X-Carve versus ShapeOko 3

Looks like a cool machine. Those giant x and y extrusions look nice. I couldn’t see well, but is the z axis driven by a belt instead of a lead screw?

Also, given the way it is put together, with just the steel plates connecting the y rails, it looks like it might still have problems staying square. I’m kind of surprised they didn’t use extrusions for the front a back of the machine instead of the plates.

Looks like a very nice machine, those big rails look nice. Yes it’s a belt raising and lowering the z with springs to counteract the added wight from 3 motors, router and electronics. Though the added weight will reduce deflection, I wonder how much added stress is on all the belts moving all that weight, as well as wear and tear on the bearings, pulleys and steppers. Not sure I like everything mounted all over the y carriage, it looks hard to get to and see the belt and pulleys which I expect will need re-tensioning often with the added weight. Looks like a pretty easy build and looks like once it is square it will likely stay square. Still very glad I chose the X Carve’s size, service, already available customization,on-time delivery window, waste board and other benefits already discussed in this thread. Nice job Ed and the Shapeoko3 team.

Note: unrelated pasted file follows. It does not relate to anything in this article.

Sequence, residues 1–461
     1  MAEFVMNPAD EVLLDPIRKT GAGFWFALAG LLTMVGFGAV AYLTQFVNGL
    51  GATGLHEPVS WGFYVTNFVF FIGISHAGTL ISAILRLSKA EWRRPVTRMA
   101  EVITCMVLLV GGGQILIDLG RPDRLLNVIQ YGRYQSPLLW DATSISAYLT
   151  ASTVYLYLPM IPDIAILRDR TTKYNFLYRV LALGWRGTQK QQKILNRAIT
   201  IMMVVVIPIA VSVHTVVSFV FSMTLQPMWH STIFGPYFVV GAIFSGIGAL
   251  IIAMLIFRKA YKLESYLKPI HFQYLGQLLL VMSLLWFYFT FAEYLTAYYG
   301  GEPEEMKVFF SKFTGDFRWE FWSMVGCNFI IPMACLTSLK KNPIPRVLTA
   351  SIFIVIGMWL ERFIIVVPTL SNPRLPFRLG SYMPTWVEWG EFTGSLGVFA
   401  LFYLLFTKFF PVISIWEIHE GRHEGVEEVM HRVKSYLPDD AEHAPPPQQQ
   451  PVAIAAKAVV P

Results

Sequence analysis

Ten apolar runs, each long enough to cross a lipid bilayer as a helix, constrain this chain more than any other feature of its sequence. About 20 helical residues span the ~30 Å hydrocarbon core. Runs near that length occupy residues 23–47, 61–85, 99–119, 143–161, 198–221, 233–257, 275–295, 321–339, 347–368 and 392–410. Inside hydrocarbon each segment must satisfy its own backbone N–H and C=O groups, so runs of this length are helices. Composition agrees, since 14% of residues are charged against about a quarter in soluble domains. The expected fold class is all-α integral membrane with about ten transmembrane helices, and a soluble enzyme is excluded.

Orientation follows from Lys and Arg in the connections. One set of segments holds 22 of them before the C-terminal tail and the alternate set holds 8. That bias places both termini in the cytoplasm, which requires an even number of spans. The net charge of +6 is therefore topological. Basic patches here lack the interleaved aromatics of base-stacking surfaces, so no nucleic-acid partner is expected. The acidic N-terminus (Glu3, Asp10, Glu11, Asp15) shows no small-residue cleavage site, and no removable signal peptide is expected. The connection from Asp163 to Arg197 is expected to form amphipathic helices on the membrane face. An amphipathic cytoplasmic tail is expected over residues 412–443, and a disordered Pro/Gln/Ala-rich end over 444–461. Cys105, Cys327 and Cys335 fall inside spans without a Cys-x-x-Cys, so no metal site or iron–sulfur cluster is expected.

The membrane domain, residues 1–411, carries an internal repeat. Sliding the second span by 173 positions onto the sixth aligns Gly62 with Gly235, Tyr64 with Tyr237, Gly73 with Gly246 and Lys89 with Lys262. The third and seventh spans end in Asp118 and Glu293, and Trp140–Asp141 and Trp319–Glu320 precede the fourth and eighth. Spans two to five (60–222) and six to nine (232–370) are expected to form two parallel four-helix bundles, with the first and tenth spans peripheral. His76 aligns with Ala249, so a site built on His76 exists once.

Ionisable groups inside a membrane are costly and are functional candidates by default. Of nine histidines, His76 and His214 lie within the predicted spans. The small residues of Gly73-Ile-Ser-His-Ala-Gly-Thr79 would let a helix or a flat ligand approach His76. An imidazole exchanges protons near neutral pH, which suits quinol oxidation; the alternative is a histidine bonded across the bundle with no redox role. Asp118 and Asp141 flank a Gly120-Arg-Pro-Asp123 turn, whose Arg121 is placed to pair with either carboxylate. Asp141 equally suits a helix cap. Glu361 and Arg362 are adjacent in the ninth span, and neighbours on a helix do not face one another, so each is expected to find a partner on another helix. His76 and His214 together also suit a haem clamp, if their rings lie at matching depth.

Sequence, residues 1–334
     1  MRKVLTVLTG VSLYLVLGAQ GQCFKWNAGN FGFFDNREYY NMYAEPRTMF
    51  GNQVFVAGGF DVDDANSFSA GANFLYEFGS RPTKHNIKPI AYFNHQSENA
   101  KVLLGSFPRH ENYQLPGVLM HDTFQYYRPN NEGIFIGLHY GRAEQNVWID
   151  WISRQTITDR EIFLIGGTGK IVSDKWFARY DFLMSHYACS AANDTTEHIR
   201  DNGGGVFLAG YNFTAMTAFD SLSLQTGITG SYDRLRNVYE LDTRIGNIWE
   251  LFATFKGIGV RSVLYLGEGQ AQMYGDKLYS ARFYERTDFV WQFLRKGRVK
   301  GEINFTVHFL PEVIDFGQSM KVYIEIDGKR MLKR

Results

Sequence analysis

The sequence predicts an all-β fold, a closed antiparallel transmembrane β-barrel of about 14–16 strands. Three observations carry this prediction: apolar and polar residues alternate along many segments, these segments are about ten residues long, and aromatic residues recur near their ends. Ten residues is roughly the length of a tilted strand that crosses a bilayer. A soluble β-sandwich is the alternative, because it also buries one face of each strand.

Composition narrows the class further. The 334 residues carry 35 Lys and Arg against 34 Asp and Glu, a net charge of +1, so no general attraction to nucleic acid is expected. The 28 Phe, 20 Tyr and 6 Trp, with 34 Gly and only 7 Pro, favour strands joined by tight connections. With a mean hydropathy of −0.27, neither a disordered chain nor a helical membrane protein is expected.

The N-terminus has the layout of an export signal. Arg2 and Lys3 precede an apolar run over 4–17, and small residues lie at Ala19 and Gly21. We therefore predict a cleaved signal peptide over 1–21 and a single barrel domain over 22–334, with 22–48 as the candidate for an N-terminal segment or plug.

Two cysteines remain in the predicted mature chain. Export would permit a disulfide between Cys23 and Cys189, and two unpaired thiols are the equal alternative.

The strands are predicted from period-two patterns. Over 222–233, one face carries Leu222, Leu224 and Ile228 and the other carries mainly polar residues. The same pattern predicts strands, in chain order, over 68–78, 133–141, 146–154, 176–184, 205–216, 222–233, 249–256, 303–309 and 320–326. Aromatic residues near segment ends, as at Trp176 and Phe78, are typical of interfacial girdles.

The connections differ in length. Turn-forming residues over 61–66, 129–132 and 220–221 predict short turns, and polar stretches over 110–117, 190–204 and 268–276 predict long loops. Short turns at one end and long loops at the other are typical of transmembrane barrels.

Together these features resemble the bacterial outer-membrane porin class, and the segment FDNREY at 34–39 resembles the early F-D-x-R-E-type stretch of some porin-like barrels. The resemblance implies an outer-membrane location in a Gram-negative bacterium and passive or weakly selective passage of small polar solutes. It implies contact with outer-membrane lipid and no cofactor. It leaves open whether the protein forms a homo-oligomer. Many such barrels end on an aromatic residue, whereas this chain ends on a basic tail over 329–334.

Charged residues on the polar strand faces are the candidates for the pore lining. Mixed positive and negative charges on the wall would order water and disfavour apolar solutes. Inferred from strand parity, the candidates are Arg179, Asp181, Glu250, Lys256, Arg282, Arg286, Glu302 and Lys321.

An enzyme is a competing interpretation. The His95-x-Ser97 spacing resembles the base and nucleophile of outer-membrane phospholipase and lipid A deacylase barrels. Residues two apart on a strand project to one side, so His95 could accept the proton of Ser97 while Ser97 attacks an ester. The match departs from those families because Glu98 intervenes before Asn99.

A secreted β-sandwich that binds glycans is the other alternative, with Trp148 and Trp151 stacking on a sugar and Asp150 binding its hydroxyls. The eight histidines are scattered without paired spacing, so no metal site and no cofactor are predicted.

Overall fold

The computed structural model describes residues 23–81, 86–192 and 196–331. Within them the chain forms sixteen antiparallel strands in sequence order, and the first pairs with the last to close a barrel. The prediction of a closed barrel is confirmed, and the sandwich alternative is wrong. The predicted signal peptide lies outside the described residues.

Plus there are more features coming for the x carve that are on the Carvey like
automatically zeros itself in all three axes, So I will go with the X-carve for tons of support from company and support groups on the forums aswell.


I would ask the forum members here a few questions as I too am looking at the X-Carve and the Shapeoko 3. I have another post going comparing the X-Carve and the Stepcraft 420 and I have scrapped the idea of the Stepcraft.

Shapeoko 3, I don’t like the Z axis belt drive or the front and rear plates/Y axis connectors or the lack of limit switches. I like the bigger extrusions and the four screws used to connect the Y axis’!

X-Carve, I would want a table size at least as big as the Shapeoko 3, 16 X 16, the 1000mm is way too big for my purpose, The better Z axis screw and limit switches should be included as a standard.

I am not an engineer but I have to ask if the extrusions the X-Carve has, being smaller 20mm X 80mm as compared to the Shapeoko 3 55mm X 85mm would be as strong??

Appreciate any feedback!

Tim Foreman has begun selling home/limit switch kits for the Shapeoko 3, and there are holes on the plates for attaching switches — they’re quite simple to do: http://www.shapeoko.com/wiki/index.php/Home/Limit_Switches and a number of people have done them on their own.

As regards the strength of the extrusions, we have data on Makerslide here: http://www.shapeoko.com/wiki/index.php/Makerslide#Extrusions — still waiting for someone to perform similar calculations for the new SO3 extrusions, but Sonny Jeon (author of Grbl) did extensive FEA though, proving the machine out as suited to 5’ x 5’ areas w/o needing supports (by extension, two or four supports and appropriate lengths of rails should provide for a machine able to cut full sheets of plywood).